Samsung, the world's leading microchip and smartphone maker, was in shock after its de facto head was arrested on bribery and other charges over his role in a corruption scandal that has fueled widespread public fury.
Business circles have voiced concern that the arrest of Samsung Electronics vice chairman Jay. Y. Lee would hurt the international credit of Korea Inc.
Lee's imprisonment came ahead of Samsung's launch of its new flagship smartphone, Galaxy S8, probably in April. The company has thrown all its efforts into developing the new phone as redemption for its combustible Note 7 fiasco that has damaged its brand value and reliability.
Experts say a good product alone will not be enough to lure consumers because they consider moral and ethical standards in evaluating the value of a company.
The 48-year-old only son of Samsung Group's bedridden patriarch Lee Kun-hee, 74, became the first business leader to face imprisonment in connection with the corruption scandal involving President Park Geun-hye.
For his smooth power succession, Samsung has promised to improve corporate governance and introduce a holding company. The group has also sought a change in its business strategy to focus on futuristic businesses like bioengineering, smart auto parts and batteries.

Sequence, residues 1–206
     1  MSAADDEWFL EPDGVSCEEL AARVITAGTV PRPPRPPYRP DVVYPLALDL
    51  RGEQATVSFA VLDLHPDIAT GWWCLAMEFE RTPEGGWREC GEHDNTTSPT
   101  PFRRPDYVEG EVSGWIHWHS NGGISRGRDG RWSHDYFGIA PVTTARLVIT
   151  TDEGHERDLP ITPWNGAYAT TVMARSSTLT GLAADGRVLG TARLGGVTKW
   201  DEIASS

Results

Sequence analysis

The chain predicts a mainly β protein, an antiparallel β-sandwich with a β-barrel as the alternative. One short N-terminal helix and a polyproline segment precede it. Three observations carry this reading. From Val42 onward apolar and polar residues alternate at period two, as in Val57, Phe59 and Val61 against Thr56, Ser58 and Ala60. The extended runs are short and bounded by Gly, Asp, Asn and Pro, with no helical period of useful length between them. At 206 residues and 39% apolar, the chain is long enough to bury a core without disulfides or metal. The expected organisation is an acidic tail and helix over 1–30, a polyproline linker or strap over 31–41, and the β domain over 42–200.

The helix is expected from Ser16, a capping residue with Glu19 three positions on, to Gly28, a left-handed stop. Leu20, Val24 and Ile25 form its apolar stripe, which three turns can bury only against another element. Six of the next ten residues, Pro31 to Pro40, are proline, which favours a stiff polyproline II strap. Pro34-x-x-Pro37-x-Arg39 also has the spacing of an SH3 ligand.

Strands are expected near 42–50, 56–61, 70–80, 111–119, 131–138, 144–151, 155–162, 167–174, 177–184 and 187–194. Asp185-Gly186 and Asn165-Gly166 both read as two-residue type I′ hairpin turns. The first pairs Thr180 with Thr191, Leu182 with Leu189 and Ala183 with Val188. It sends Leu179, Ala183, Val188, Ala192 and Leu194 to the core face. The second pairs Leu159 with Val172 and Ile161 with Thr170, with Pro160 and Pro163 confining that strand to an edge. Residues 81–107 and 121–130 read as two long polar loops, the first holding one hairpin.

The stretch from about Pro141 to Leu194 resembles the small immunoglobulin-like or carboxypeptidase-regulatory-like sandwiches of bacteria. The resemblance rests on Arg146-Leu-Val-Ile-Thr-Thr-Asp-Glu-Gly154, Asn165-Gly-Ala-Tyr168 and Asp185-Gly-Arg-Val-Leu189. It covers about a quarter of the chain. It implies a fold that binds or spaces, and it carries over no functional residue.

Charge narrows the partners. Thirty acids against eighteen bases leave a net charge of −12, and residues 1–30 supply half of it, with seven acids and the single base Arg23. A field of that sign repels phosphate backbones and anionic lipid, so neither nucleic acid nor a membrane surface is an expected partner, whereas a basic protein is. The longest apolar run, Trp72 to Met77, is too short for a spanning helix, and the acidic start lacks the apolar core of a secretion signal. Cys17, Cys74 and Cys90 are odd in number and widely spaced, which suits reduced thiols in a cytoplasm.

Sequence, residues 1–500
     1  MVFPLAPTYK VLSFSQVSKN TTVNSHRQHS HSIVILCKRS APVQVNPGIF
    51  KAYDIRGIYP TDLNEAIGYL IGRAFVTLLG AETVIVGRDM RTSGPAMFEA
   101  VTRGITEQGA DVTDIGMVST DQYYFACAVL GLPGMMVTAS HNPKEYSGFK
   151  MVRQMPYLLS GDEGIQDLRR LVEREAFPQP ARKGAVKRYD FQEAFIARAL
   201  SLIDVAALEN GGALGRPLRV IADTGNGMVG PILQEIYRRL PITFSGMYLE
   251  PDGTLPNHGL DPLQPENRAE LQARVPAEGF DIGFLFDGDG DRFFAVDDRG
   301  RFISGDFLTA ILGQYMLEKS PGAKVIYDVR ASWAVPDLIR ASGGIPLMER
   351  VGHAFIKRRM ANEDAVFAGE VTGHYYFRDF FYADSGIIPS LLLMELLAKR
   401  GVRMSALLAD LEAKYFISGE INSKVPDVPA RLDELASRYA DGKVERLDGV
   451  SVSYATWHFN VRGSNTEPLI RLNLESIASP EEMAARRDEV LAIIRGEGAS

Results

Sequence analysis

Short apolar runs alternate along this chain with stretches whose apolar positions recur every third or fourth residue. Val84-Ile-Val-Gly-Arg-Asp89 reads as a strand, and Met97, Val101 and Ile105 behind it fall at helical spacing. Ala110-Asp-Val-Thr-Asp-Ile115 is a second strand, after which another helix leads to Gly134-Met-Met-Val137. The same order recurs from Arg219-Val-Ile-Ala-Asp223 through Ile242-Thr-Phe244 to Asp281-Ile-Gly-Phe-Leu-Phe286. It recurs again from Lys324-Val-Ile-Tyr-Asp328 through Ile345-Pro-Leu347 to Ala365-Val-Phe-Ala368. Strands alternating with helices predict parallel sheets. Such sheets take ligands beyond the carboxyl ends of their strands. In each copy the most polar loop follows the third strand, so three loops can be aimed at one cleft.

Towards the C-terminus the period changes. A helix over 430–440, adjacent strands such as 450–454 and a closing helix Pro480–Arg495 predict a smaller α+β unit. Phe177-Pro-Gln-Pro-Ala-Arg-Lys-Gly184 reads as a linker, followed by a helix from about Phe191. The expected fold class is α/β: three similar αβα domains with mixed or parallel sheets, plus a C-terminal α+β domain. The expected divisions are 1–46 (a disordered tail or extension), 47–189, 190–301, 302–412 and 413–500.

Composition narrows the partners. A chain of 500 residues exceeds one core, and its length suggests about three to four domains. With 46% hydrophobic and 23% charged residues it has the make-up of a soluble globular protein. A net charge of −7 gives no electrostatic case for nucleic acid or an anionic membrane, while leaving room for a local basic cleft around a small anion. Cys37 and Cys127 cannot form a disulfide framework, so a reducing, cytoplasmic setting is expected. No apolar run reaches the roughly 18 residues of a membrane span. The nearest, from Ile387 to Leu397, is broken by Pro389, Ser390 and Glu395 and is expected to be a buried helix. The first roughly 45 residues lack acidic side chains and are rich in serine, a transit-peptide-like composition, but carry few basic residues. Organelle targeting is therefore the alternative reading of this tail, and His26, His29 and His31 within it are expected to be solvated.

In November last year, Samsung acquired Harman International Industries, a US-based global leader in connected car technology, for about eight billion US dollars. Harman provides infotainment and car security systems for BMW and Mercedes-Benz.
It was the biggest acquisition of foreign companies by a South Korean company, and Samsung was upbeat at the time, saying the deal would help the world's largest smartphone and microchip producer diversify its business portfolio into the rapidly growing market for connected technologies and auto electronics.
The acquisition marked Samsung's biggest investment outside South Korea under the leadership of the junior Lee who has sought to realign Samsung's bloated structure before making his official debut as group leader.
US investors, however, filed a lawsuit opposing Samsung's proposed takeover of Harman International, claiming it was sold too cheaply via an unfair process. The deal requires a majority of votes at a meeting of shareholders.
Lim Chang-won = email@example.com